So, I wanted to see how a vegan approach to keto affected my bodyPeople who follow vegan or plant-based diets tend to have lower risk of chronic disease and healthy body weight. [22-23] Not a lot of research exists on the combination of vegan keto—which is one of the reasons I tried it myself. I personally eat a very limited amount of animal products, so this seemed like an interesting experiment to try, especially with the opportunity to have my blood tested before and after with InsideTracker.
During the two weeks, I ate less than 20g of net carbs per day. Because of this restriction, I felt as though I was unable to eat a proper amount and variety of fruits and vegetables. I normally depend on these foods for micronutrients, phytochemicals, and antioxidants that not only have anti-cancer properties, but also reduce inflammation and promote longevity. I surprisingly reached the recommended amount of daily fiber per day (25g), but my typical diet consists of double this amount. High fiber diets are associated with a healthy weight and reduced risk of chronic disease. 
For protein and fat, I relied on tofu, lupini beans, protein powder, chia seeds, hemp seeds, flax seeds, select nuts, almond butter, olive oil, avocado, small amounts of edamame, and the occasional Beyond Meat products (burgers and sausage). I used coconut milk and coconut oil, the only forms of saturated fat in my diet, to make occasional desserts like chocolate pudding and peanut butter cups.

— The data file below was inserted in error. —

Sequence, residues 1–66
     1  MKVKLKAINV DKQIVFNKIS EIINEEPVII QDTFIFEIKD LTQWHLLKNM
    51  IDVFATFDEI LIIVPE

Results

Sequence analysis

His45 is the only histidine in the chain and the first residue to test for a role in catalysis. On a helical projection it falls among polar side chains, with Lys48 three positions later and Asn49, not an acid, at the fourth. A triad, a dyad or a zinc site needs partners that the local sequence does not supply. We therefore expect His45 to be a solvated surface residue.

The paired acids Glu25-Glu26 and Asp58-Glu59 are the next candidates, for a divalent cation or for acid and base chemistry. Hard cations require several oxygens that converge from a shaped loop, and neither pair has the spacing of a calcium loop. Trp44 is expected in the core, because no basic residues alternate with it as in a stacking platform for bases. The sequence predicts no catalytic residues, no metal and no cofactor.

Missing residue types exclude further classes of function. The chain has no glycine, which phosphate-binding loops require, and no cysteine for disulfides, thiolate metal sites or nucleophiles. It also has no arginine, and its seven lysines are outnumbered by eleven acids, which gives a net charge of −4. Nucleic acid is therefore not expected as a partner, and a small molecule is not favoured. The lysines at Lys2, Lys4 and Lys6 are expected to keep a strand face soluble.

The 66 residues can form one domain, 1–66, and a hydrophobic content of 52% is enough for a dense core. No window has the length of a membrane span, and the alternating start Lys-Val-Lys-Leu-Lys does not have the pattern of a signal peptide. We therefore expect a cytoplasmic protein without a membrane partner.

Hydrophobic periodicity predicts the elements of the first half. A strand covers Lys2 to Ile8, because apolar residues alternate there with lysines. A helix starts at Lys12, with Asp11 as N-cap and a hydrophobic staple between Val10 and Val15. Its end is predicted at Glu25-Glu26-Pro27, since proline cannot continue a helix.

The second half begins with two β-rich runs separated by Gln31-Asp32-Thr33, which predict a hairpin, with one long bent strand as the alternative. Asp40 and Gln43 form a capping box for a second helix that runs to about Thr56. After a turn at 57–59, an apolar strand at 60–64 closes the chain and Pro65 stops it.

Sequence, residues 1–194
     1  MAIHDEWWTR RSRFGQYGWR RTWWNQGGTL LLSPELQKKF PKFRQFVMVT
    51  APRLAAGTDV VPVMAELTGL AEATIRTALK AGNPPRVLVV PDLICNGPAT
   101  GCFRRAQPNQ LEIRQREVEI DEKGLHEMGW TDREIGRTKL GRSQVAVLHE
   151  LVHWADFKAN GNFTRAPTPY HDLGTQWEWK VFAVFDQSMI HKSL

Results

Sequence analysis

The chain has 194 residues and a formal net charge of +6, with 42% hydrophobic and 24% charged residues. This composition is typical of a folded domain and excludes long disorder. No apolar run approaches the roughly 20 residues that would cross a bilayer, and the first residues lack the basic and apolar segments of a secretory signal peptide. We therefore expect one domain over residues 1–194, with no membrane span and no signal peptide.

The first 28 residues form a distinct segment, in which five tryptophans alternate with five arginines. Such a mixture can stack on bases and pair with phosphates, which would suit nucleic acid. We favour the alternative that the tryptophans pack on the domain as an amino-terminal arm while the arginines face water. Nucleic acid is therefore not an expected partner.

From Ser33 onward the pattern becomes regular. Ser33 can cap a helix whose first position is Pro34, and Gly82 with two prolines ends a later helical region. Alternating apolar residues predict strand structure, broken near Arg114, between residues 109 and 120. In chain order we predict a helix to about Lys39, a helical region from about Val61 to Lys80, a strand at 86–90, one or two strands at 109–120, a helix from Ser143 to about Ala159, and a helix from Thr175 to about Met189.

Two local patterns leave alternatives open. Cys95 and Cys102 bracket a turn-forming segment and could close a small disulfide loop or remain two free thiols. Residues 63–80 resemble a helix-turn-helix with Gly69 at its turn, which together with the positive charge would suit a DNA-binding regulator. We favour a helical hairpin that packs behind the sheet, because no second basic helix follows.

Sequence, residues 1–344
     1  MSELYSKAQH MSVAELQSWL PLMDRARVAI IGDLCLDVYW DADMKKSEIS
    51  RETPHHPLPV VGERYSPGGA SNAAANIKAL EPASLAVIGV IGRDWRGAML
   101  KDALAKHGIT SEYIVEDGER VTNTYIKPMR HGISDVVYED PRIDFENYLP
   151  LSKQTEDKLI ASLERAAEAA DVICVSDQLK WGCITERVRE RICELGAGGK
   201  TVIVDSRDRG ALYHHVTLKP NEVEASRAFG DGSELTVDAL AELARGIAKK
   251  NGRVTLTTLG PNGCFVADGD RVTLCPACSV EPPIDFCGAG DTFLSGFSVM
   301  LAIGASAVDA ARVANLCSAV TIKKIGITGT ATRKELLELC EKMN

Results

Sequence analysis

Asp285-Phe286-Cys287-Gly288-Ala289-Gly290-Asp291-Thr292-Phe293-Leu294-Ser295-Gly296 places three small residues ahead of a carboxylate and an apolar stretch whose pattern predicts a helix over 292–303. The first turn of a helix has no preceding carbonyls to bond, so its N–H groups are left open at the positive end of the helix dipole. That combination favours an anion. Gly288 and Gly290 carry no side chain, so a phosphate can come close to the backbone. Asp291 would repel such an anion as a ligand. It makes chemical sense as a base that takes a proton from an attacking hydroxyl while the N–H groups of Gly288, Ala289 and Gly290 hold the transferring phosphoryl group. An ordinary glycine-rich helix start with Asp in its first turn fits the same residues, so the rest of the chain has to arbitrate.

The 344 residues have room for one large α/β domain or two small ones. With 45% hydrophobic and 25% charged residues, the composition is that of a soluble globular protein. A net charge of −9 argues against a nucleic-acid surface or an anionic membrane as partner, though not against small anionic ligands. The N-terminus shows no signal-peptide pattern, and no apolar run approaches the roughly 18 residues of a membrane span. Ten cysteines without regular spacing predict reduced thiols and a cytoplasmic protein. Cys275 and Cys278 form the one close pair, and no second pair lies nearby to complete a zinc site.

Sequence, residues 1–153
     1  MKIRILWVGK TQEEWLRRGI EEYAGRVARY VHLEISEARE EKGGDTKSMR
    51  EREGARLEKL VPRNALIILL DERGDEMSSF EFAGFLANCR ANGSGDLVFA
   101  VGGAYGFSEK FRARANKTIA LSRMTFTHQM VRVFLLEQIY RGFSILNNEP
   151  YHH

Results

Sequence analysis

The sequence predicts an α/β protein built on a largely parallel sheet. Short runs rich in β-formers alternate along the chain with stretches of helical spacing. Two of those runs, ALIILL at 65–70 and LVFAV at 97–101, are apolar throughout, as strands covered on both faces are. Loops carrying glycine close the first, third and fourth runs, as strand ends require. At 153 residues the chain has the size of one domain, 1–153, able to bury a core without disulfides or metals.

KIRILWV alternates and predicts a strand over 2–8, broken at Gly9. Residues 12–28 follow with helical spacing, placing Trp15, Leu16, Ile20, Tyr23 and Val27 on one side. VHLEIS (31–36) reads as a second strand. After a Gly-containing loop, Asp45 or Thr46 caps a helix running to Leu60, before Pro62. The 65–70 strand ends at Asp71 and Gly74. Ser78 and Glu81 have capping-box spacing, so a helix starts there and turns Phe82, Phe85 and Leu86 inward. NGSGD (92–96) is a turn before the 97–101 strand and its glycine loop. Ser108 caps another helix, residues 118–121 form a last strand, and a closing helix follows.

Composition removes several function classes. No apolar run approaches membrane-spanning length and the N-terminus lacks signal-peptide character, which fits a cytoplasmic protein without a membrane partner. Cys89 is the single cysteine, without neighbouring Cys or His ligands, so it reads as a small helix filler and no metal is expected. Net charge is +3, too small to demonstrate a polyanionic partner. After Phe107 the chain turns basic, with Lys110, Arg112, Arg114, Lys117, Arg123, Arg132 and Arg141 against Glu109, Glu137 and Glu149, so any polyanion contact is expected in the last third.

Now, let's get into what I experienced!
In my experience, weight loss was just water loss.As previously mentioned, low-carb diets like keto deplete glycogen stores in muscle and liver. Glycogen molecules have multiple water molecules attached like barnacles on a rock (see below), and these water molecules are released when glycogen is burned for energy. Because of this, low carb dieters lose significant “water weight” during the first days of these diets. During my two week experiment, I lost three pounds within the first few days, but then my weight plateaued for the rest of the duration. I certainly attribute water loss for this decline in weight. I should mention, though, I wasn't trying to lose weight during this experiment.
Many people insist the keto diet has helped them successfully lose weight. While I don’t doubt this, an important question must be asked—is this due to the keto diet or a change in diet? The largest contributors of calories in the United States are refined grains, added fats, meats and added sugars.  Most diets, including keto, limit or eliminate at least one of these factors resulting in some degree of weight loss.